For Immediate Release
July 24, 2018
Rachaele Raynoff, Joe Marvilli – firstname.lastname@example.org (212) 720-3471
Access it here – and on your mobile device
July 24, 2018 – Mayor de Blasio and Department of City Planning Director Marisa Lago today announced the launch of ZAP, DCP’s exciting new Zoning Application Portal. The web-based data tool makes details and status of all zoning and land use applications directly available to the public, with an intuitive map-based interface.
“The online portal makes searches for a zoning-change application, whether large or small, accessible to everyone – including New Yorkers like me who aren’t architects or city planners. I congratulate the Department of City Planning for this user friendly and transparent search tool,” said Mayor Bill de Blasio.
“This online tool is the ultimate in planning and zoning transparency. It’s fast, it’s easy, it’s intuitive. We hope that New Yorkers – residents, advocacy groups, property and business owners – take full advantage, and get more involved in planning for our city’s future. Either way, check out ZAP. It’s way cool!” Director Marisa Lago said.
ZAP offers easy searches for land use applications, including pending applications, with a variety of useful search filters. It includes about 28,000 projects, dating back to 1970 when DCP began digitizing project application data. About 500 of them are currently in public review.
ZAP, which can be searched, features direct links to DCP tools and other City databases by project address to ZoLa (DCP’s Zoning & Land Use map), the Department of Buildings’ BISWeb and the Department of Finance’s ACRIS sites.
ZAP, which also works on mobile device browsers, is a vast improvement in utility, transparency and ease-of-use over DCP’s previous system, LUCATS. It is designed to work with DCP’s new electronic paperless filing system which is undergoing testing. When that system is fully operational, ZAP will be updated to include even more application-related documents.
ZAP allows searches by Community District and other geographic filters, clearly showing all applications filed and in public review. Links to City Planning Commission (CPC) reports are also included.
A ZAP search, which can be directly shared, will yield a project description and project status, including public milestones that have been completed or are still to come. The search provides information on environmental review, with links to relevant City environmental review documents. The results further note whether a project received a favorable recommendations by the community board and borough president, as well as approval and any modifications by the CPC or City Council.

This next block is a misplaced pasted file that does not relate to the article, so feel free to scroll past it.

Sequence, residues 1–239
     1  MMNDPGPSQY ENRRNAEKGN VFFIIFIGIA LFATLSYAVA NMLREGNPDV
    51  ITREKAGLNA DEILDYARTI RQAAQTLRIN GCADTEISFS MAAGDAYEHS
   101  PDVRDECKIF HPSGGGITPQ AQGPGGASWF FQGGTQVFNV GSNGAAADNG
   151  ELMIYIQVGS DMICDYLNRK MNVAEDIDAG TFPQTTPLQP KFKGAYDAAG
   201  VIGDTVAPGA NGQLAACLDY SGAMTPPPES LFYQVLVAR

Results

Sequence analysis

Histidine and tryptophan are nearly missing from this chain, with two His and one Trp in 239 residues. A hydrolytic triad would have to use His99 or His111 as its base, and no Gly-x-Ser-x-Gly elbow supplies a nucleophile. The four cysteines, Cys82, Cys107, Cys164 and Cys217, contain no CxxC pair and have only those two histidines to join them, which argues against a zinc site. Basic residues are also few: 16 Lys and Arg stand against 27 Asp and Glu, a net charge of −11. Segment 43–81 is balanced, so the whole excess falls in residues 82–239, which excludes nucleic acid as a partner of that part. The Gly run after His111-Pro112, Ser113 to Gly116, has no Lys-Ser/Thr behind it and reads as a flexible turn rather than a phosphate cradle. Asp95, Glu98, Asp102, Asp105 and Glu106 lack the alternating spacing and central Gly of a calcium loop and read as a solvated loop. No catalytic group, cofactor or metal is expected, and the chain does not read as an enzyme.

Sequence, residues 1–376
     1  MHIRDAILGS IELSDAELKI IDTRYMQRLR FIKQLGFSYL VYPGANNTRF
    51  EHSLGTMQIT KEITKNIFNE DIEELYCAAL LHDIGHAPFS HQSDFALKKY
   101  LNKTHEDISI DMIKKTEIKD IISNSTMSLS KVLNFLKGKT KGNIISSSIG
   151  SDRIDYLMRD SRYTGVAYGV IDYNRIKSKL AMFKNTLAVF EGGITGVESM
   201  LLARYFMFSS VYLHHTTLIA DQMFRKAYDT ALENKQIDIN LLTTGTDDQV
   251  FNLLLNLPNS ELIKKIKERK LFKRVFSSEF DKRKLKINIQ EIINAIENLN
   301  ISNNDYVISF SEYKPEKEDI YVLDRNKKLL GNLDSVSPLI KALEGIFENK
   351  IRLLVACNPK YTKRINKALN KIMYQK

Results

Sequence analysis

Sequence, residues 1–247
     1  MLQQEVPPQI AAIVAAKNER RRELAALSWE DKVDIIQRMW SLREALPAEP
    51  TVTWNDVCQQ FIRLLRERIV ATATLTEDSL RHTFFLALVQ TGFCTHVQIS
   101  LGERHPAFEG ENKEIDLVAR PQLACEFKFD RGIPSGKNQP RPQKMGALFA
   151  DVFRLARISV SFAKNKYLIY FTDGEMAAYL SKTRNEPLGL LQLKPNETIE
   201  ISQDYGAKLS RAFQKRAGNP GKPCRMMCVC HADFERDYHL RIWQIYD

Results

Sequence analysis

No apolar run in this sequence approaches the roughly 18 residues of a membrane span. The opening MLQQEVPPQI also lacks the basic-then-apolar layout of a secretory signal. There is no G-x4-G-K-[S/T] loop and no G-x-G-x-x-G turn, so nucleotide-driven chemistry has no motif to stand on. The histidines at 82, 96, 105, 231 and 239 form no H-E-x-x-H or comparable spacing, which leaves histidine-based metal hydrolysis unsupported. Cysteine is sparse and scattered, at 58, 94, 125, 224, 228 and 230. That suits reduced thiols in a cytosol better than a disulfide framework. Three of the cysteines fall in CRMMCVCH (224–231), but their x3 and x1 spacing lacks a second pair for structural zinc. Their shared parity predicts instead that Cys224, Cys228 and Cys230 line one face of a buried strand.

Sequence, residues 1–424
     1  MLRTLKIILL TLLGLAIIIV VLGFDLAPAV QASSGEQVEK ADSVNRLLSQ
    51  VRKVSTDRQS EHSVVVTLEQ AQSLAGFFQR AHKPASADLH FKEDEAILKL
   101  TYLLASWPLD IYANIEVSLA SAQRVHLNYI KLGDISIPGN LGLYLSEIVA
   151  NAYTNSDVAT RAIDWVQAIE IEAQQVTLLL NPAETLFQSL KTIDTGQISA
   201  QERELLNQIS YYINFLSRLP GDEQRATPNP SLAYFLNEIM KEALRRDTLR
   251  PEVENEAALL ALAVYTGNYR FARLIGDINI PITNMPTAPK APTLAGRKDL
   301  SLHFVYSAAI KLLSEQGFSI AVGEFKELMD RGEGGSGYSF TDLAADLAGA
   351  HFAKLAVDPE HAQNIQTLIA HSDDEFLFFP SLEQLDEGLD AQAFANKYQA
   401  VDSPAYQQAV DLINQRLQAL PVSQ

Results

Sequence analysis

Keyed to borough block and lot numbers (BBL), the search result displays a map of the application site as well as listing the BBLs. Each BBL links to associated pages on the City’s BISWEB application, providing building property profiles and complaint tracking; ACRIS, which displays ownership and financial information; and ZoLa, which offers extensive information on zoning and other regulations.
Participants in the City’s official public review process hailed the new search tool:
“I have consistently urged the City to make more information available in an understandable way so that residents can more effectively advocate for their needs and for their neighborhoods. ZAP and DCP's other digital tools are a great start to help average New Yorkers navigate the complexities of land use,” Council Member Rafael Salamanca Jr., Chair of the Land Use Committee, said.
“This is not just a terrific tool, it's an investment in democracy. Zoning decisions are among the most consequential resolutions legislators can make for a community. The only way for us as lawmakers to truly represent our constituents and the interests of our city are for New Yorkers to be fully informed,” Council Member Francisco Moya, Chair of the Zoning and Franchises Committee, said.
“The more we can take the city’s processes and decisions and open up access to them online, the better off we all are – and nowhere is that more true than the all-important but little-understood land use process,” said Manhattan Borough President Gale A. Brewer. “This is a good step forward for transparency and openness."
"Residents finally have a way to keep track of proposed land use changes and hold developers accountable for old changes," said Council Member Ben Kallos, Chair of Planning, Dispositions and Concessions Committee. "With a fast and intuitive interface, residents can simply zoom into their community and click different locations to learn how development happened and why."
Council Member Peter Koo, Chair of the Technology Committee, stated, “ZAP is a great example of how the City of New York can use technology to make government more accountable and accessible to the public. By consolidating the different zoning and land use databases of City Planning, the Department of Buildings, and the Department of Finance into one location, we are creating a one-stop shop for many important city land use documents. Many thanks to City Planning for bridging the divide between agencies and ensuring NYC stays at the forefront of government innovation.”
The public facing tool was developed by DCP’s Planning Labs team of technologists. Created a year ago, the unit is responsible for other innovative public facing tools, including Population Factfinder. ZoLa, NYC Street Map, NYC Metro Region Explorer and the award winning Community Portal page.
Jon Kaufman, DCP’s Chief Operating Officer who oversees Planning Labs, said “This is yet another milestone in DCP’s drive to make its planning work more accessible to the public. This tool was specifically designed to make it much easier for community residents to see and understand land use applications in their neighborhood, putting more relevant information at their fingertips.”